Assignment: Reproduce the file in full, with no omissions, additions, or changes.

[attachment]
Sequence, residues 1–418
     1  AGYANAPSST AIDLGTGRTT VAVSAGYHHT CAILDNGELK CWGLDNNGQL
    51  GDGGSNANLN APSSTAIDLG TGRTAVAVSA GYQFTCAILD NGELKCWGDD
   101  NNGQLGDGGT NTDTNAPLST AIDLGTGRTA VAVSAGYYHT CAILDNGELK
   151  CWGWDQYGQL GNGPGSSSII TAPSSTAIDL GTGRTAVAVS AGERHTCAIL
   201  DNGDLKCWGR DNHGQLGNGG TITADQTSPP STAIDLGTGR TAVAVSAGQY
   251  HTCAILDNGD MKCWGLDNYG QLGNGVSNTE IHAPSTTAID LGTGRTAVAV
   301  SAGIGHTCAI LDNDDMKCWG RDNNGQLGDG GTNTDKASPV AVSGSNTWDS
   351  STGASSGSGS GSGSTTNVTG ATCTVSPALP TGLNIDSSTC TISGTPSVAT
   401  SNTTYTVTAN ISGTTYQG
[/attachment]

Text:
Sequence, residues 1–418
     1  AGYANAPSST AIDLGTGRTT VAVSAGYHHT CAILDNGELK CWGLDNNGQL
    51  GDGGSNANLN APSSTAIDLG TGRTAVAVSA GYQFTCAILD NGELKCWGDD
   101  NNGQLGDGGT NTDTNAPLST AIDLGTGRTA VAVSAGYYHT CAILDNGELK
   151  CWGWDQYGQL GNGPGSSSII TAPSSTAIDL GTGRTAVAVS AGERHTCAIL
   201  DNGDLKCWGR DNHGQLGNGG TITADQTSPP STAIDLGTGR TAVAVSAGQY
   251  HTCAILDNGD MKCWGLDNYG QLGNGVSNTE IHAPSTTAID LGTGRTAVAV
   301  SAGIGHTCAI LDNDDMKCWG RDNNGQLGDG GTNTDKASPV AVSGSNTWDS
   351  STGASSGSGS GSGSTTNVTG ATCTVSPALP TGLNIDSSTC TISGTPSVAT
   401  SNTTYTVTAN ISGTTYQG